CM: In your August op-ed in the Huffington Post called “A Dream Anew,” you wrote about the challenges in education and political discourse in continuing the work of the civil rights generation. How do you think that struggle has shaped you intellectually and politically?

CB: I grew up [the child] of civil rights activists. For me the discourse around my dinner table, for example, really shaped my view of the world. And I feel very, very indebted to a generation that, without their activism, I wouldn’t be where I am today. And so coming out of sort of this ex-generation…the first generation really to be born and raised after the modern civil rights movement, really shaped my world view. I’m concerned always that I think the greatest threat to our nation always will be not sort of virulent opposition, or negative actors on the national stage; I think the biggest threats to our communities will always be apathy and lack of interest, lack of discourse, lack of engagement…My hope is just that education really inspires and empowers people to be active participants in the unfolding of this democracy, which is still a democracy that hasn’t lived up to its highest aspirations yet.

CM: David Axelrod recently announced the opening of the University of Chicago Institute for Politics on campus in 2013 to promote civic engagement, among other things. How do you think students should get involved in government?

CB: First of all, you look around the globe now, and into history, you really do see college students really being at the core of many movements, uprisings in Soweto, Tiananmen Square, the Solidarity Movement in Poland, the protests in Birmingham in the early 1960s, even currently from Tahrir Square to the Occupy Movement. I just think that young people, and even just political campaigns…the Obama campaign, the lifeblood of that campaign was college students, was young people. To me I think that it’s critical that there are always provocateurs in political activism. I talked to Axelrod a few months back, and he was telling me about this idea, and I think it’s fantastic.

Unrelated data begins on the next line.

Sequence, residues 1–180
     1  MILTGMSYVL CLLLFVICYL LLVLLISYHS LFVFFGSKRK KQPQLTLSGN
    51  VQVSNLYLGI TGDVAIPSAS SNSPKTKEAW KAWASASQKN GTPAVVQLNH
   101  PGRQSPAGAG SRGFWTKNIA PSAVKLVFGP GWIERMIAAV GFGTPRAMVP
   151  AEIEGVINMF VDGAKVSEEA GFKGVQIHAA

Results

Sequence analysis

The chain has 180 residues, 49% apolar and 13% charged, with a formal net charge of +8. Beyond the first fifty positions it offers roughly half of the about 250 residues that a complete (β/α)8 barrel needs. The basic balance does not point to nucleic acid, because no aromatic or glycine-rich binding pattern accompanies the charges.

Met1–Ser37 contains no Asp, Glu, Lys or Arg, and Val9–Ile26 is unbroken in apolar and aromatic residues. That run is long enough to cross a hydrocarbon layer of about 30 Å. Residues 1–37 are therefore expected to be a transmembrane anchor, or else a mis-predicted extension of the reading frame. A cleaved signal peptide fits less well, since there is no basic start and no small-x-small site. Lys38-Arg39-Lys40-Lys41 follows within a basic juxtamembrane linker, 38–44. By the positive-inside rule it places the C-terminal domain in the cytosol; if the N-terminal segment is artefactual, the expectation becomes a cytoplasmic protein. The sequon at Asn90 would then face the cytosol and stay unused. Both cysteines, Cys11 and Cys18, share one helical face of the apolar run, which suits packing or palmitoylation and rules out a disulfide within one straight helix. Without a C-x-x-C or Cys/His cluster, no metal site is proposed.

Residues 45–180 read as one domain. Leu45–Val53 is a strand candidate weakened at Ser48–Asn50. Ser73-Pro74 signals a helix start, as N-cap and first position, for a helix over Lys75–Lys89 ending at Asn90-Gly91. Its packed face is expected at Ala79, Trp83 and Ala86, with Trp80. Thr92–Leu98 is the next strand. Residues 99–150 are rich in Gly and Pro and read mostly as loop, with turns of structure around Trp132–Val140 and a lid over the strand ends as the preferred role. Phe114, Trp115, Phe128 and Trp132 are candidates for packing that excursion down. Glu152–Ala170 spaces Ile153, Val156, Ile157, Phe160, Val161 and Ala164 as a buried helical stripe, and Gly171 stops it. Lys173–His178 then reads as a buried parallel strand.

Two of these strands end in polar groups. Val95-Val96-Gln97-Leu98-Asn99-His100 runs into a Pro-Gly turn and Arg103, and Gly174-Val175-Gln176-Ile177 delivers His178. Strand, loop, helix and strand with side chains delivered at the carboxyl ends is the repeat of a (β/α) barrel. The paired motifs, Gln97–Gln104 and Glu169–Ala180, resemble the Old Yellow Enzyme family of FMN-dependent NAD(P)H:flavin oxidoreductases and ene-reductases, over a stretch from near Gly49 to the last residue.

CM: What do you think modern student engagement is like with local government?

CB: I’m hoping it’s more. I’ll confess that when I was a college student, I don’t think I could have told you who the Mayor of Palo Alto was; I had no clue. And I don’t think I was as focused on local elections as I should have been. Now that I know, now that I am a local actor, and hope that the Rutgers students know who I am, that so many of the decisions that affect our lives every day are being made by local actors from education to public safety to health care, are being dominated by who your state legislator is, who your mayor is, what your city council is deciding. And so I just think that it’s critical, and it’s beyond even, you know, whether you have speeding cameras, [which] is one of the big debates out here recently. It’s beyond things like that. It’s really what’s shaping the buildings that are being built in your community, the priorities of, in terms of recreation, education, things like that for kids. I think the scope of issues that we talk about on the national level are really being played out here in local government. We need to start being much more focused on those races.